Quotes from JHR Volume 17 number 6
“In the terrible tragedy of the [Second World] war there is a unique element: the deportation and murder of Jews and resistance fighters by the Nazis. But that lasted four years altogether. The much greater crime of the Soviet Gulags took place over decades, and cost the lives of millions. Millions also perished in the Chinese camps, and there have been terrible genocides in Cambodia and Vietnam. None of these crimes has ever received the same consideration as the annihilation of the Jews. And this is a kind of mono-culture, which I find shocking.”
— Jean-Marie Le Pen, leader of France’s National Front party, quoted in Der Spiegel, No. 46/1996.
“From such a defeat [May 1945], one does not recover any longer, as peoples formally recovered after great battles like Jena or Sedan. Such a defeat marks a turning point in the life of nations.”
— Ernst Jünger, 1945
War: Threat to Liberty
“Of all the enemies to public liberty war is, perhaps, the most to be dreaded, because it comprises and develops the germ of every other. War is the parent of armies; from these proceed debts and taxers; and armies, and debts, and taxes are the known instruments for bringing the many under the domination of the few. In war, too, the discretionary power of the Executive is extended; its influence in dealing out offices, honors and emoluments is multiplied; and all the means of seducing the minds, are added to those of subduing the force, of the people … [There is also] an inequality of fortunes, and the opportunities of fraud, growing out of a state of war, and … degeneracy of manners and of morals … No nation could preserve its freedom in the midst of continual warfare.”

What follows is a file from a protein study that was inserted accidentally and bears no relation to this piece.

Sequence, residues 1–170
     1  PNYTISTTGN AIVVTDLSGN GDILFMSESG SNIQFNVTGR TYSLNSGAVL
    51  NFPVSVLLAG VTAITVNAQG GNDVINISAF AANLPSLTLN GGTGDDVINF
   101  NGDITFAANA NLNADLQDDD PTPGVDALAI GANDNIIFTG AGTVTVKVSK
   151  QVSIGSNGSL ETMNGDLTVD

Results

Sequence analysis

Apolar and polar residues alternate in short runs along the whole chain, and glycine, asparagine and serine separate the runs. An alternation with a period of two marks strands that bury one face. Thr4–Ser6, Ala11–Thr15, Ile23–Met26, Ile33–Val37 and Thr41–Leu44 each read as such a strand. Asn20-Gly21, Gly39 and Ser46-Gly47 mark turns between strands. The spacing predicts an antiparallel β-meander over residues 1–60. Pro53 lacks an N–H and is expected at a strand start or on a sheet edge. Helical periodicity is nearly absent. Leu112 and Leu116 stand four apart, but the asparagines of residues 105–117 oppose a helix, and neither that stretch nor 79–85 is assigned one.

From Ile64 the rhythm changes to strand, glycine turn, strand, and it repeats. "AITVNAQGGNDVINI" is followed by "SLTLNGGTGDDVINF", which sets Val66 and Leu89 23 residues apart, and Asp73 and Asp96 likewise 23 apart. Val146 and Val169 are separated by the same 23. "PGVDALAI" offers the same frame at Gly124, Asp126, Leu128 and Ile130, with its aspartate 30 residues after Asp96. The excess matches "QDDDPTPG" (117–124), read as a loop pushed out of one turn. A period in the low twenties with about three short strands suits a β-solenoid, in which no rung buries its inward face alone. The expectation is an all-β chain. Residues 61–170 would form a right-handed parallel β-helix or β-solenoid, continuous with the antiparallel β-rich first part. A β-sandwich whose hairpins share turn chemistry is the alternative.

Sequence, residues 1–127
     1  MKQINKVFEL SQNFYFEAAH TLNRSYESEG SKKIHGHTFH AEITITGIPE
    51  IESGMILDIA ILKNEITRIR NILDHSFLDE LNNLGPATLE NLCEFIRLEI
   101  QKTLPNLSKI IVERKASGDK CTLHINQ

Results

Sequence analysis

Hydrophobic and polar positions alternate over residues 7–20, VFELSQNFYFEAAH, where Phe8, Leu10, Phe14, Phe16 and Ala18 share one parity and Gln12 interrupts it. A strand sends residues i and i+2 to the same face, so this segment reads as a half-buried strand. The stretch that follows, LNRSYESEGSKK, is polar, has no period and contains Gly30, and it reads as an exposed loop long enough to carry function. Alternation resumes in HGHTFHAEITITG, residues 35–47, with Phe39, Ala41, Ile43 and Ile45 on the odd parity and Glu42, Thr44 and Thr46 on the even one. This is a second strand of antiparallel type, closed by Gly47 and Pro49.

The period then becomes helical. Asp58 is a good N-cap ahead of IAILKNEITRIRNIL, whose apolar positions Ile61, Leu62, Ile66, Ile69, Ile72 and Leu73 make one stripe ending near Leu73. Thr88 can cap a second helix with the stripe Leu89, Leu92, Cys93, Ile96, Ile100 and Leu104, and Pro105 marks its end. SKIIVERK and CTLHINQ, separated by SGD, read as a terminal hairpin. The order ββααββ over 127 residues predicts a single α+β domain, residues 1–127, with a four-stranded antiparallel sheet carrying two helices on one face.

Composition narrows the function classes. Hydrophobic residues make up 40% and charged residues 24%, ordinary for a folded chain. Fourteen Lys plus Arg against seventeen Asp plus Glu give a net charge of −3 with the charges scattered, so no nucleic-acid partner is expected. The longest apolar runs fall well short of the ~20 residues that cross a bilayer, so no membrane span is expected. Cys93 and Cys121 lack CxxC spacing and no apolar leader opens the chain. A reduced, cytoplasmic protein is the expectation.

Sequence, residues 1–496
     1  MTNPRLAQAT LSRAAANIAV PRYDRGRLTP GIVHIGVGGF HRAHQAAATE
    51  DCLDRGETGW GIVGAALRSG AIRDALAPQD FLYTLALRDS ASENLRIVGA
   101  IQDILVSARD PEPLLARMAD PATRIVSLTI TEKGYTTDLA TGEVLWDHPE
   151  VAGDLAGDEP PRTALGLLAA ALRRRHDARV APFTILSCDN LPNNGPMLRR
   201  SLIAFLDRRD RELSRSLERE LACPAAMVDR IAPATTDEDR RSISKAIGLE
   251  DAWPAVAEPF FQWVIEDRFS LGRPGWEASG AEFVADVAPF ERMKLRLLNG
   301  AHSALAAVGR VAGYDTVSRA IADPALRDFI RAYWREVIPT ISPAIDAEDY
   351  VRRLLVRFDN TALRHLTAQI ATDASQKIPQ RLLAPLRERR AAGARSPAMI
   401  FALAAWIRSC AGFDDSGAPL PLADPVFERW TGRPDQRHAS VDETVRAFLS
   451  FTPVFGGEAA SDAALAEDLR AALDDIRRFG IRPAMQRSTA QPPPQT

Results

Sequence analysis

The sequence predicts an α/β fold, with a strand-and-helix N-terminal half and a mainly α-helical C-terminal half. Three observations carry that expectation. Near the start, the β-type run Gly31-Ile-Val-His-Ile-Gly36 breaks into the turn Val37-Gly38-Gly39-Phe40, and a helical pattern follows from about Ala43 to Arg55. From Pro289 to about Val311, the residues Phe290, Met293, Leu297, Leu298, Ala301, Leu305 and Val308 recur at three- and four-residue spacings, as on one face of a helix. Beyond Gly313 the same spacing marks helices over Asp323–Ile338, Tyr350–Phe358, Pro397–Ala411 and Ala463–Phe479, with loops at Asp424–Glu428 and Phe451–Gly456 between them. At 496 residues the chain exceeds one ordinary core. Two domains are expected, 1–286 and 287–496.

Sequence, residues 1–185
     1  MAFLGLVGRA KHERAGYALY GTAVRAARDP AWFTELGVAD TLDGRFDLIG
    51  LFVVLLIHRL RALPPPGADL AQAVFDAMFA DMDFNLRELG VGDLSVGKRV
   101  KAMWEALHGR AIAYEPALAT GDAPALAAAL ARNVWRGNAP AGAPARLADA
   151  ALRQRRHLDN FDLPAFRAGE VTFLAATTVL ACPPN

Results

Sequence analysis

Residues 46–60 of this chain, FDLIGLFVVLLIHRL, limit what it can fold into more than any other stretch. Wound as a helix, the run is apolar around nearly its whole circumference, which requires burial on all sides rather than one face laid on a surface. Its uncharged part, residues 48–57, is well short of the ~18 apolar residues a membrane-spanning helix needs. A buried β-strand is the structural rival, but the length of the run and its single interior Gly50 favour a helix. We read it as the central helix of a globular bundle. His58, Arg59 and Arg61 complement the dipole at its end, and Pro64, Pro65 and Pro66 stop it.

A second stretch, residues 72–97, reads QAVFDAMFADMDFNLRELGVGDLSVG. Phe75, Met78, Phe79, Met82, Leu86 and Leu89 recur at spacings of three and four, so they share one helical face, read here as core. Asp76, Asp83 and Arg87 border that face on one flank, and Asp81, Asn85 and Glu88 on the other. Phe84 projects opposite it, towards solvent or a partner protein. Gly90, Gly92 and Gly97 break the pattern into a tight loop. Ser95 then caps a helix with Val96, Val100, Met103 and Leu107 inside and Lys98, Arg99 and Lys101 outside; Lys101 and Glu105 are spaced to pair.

— James Madison
“… Nowhere is the question asked: to what extent are Jews themselves responsible for the hostility displayed toward them? Since the holocaust, Jewish leaderships the world over have proclaimed the view that as the visible objects of persecution, the Jews are blameless victims. It was not always thus.
“One of the earliest scholarly examinations by a Jew of the causes of Jewish persecution, written by Solomon ibn Verga in the early 16th century, drew attention (in the context of the expulsion of the Jews from Spain ) to the inevitable consequences of patterns of behaviour which inspired envy and reeked of ostentation.
“Nor have Jews always been particularly wise in their political decisions. The Chmielnicki massacres of 1648-56 were in large measure the result of an ill-fated alliance between the Jews of Poland and the Polish nobility, and of consequential Jewish complicity in that nobility’s persecution of the Ukrainian peasantry…
“Part, at least, of the explanation of anti-Jewish prejudice in contemporary Eastern Europe is to be found in the popular image of the Jews are purveyors of communism and allies of Stalin; this image is of course distorted, but reflects a certain unpalatable truth.”